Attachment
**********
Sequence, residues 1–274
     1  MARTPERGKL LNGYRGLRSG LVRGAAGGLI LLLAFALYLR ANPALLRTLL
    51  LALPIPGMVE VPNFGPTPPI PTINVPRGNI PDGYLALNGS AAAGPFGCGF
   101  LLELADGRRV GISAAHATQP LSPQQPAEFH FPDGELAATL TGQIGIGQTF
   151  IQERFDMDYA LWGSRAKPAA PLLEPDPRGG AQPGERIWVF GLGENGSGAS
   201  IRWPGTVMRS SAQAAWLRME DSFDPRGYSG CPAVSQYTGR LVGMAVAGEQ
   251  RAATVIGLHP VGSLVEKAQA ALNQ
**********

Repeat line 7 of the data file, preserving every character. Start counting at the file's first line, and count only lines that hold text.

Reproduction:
   251  RAATVIGLHP VGSLVEKAQA ALNQ